The Economist writes:
The world’s factory, it turns out, has a sizeable canteen attached, not to mention an office block and shopping mall. Last month’s official revision of China’s gross domestic product revealed an economy worth 16 trillion yuan ($1.9 trillion) in 2004, 17% more than previously thought. Some $265 billion of the increase93% of itwas ascribed to the services sector. As a result, services’ share of the economy has jumped by nine percentage points, to 41%, compared with 46% for manufacturing and 13% for primary industries (mainly agriculture and mining).
Where has all this extra activity come from? The bulk of it is obvious to any traveller in China. As people grow wealthier, they want more restaurants and bars, clothes stores, car dealerships, bookshops, private hospitals, English language classes and beauty salons. In many of these businesses, however, turnover and profits have not previously been captured by a statistical system geared to measuring factory production. The small, often private, companies that dominate these areas have also often been at pains to escape noticeand therefore taxes.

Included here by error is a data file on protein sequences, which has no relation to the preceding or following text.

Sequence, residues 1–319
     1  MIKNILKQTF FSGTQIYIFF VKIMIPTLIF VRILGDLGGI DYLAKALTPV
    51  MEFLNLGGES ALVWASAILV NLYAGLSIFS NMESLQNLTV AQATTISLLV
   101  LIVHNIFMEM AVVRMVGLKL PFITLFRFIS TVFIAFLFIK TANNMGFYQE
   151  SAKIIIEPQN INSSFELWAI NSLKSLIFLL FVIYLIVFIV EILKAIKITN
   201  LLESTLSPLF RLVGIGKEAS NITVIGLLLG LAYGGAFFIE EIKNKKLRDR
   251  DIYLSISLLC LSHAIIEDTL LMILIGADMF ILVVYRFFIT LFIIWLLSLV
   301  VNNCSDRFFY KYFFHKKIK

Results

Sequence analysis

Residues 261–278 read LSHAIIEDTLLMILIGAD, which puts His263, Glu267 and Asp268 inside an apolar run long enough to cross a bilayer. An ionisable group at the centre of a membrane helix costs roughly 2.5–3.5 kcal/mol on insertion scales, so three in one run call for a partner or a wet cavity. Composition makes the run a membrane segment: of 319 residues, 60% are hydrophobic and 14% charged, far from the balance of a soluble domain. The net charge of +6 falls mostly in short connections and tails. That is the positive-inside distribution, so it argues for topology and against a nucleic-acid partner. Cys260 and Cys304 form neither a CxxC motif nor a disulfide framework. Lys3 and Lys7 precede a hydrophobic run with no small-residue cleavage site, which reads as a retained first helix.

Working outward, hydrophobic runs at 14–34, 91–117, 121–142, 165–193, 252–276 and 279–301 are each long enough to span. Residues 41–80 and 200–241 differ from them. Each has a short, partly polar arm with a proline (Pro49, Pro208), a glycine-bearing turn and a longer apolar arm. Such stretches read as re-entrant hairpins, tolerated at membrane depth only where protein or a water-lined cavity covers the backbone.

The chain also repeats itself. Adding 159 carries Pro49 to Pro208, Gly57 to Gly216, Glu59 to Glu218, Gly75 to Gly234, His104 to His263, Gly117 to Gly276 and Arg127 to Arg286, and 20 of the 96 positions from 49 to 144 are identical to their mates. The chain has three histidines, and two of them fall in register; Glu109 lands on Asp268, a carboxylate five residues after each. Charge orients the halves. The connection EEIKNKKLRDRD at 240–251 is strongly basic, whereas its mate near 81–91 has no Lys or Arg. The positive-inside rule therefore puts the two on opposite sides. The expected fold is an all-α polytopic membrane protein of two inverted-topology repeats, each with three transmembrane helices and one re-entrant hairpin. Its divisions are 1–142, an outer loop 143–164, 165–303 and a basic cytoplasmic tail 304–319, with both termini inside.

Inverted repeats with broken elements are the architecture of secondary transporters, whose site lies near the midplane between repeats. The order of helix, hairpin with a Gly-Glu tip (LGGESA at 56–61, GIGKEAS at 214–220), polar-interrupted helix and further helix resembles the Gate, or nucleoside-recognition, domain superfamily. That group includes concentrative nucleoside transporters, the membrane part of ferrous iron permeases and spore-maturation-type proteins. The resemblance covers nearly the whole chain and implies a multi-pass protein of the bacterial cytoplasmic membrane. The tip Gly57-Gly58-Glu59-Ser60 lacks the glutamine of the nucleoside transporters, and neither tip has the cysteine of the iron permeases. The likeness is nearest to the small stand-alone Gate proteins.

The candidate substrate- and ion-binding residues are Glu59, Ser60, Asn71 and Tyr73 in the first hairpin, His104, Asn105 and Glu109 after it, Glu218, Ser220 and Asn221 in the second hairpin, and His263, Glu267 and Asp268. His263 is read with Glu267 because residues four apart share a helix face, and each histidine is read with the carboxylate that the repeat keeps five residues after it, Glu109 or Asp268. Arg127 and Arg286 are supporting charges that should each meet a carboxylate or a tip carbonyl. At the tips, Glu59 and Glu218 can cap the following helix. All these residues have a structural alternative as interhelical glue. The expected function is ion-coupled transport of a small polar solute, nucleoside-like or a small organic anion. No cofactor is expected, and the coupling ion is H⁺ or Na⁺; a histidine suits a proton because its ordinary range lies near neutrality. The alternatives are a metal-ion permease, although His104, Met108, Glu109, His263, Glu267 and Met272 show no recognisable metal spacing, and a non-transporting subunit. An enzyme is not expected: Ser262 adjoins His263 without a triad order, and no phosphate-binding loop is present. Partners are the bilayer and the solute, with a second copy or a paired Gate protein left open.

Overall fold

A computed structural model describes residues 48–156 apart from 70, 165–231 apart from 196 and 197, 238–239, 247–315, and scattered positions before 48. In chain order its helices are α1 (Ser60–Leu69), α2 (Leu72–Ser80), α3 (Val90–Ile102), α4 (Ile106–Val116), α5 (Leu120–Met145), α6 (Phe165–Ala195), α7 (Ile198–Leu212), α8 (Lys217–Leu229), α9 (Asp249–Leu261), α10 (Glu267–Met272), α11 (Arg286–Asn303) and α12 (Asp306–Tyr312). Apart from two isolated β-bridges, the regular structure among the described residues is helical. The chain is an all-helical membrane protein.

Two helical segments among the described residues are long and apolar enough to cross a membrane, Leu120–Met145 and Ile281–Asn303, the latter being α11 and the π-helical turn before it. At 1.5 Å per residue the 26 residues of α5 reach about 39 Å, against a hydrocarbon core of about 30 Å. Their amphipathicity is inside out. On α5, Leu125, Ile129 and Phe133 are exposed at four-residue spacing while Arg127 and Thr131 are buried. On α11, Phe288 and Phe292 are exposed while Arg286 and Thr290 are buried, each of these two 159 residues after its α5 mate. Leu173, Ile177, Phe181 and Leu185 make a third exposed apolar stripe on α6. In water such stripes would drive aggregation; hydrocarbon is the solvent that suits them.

But there is more to China’s services boom than dishing up stir-fries, shipping boxes and fitting out apartments. Recent years have seen a surge in media and technology services, including the internet; in financial services such as leasing; and in education and leisure. In a small way, for example, China is starting to rival India as an outsourcing hub: less for call-centres that require excellent English than for such tasks as preparing reports and patent filings.